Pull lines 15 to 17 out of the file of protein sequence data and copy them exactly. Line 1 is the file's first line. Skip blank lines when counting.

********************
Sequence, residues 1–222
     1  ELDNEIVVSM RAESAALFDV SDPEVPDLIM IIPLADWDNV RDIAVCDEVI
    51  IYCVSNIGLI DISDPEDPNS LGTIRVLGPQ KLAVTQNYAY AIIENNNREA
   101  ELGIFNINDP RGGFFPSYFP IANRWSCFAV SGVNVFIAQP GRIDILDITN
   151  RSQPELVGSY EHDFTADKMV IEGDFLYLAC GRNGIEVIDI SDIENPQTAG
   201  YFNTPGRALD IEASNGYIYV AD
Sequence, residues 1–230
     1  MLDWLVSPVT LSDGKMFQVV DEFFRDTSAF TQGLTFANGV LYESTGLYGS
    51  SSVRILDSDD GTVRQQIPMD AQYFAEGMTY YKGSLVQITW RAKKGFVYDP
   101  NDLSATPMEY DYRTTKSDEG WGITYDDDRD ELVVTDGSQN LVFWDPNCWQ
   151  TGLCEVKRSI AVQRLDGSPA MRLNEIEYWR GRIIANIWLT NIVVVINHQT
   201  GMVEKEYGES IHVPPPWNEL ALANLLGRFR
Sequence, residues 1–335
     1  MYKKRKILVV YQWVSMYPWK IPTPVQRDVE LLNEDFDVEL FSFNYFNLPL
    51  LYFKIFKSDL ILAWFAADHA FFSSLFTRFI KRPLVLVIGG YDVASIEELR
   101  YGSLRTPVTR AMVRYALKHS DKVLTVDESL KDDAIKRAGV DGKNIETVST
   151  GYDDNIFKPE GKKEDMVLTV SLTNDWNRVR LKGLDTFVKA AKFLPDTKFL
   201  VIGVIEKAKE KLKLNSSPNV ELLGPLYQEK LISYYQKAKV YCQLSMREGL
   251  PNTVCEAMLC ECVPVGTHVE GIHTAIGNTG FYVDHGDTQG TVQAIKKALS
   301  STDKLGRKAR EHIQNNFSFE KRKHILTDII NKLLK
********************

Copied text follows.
    51  LYFKIFKSDL ILAWFAADHA FFSSLFTRFI KRPLVLVIGG YDVASIEELR
   101  YGSLRTPVTR AMVRYALKHS DKVLTVDESL KDDAIKRAGV DGKNIETVST
   151  GYDDNIFKPE GKKEDMVLTV SLTNDWNRVR LKGLDTFVKA AKFLPDTKFL